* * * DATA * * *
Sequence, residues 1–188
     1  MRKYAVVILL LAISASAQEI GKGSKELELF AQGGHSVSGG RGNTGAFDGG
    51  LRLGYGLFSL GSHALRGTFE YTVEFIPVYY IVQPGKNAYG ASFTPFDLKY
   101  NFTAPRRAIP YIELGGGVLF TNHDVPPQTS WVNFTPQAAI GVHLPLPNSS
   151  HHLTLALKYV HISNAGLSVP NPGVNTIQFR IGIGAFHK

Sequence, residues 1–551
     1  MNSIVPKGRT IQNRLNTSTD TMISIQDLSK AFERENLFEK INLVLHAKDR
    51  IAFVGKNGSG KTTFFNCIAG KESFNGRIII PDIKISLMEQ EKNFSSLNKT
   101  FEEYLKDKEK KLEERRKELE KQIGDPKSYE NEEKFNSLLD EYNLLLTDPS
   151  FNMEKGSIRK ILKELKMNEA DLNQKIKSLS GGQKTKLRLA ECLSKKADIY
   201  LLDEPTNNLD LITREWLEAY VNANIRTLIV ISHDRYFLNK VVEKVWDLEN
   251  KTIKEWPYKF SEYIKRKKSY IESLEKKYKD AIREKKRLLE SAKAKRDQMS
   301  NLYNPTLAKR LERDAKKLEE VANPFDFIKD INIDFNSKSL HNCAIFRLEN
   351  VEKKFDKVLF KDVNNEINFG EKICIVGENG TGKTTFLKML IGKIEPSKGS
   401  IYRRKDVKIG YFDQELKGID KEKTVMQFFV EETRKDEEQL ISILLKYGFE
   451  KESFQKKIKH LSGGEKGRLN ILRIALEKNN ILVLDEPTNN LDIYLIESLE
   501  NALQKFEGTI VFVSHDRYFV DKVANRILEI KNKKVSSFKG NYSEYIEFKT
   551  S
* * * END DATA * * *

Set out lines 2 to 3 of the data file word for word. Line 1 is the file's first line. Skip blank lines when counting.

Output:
     1  MRKYAVVILL LAISASAQEI GKGSKELELF AQGGHSVSGG RGNTGAFDGG
    51  LRLGYGLFSL GSHALRGTFE YTVEFIPVYY IVQPGKNAYG ASFTPFDLKY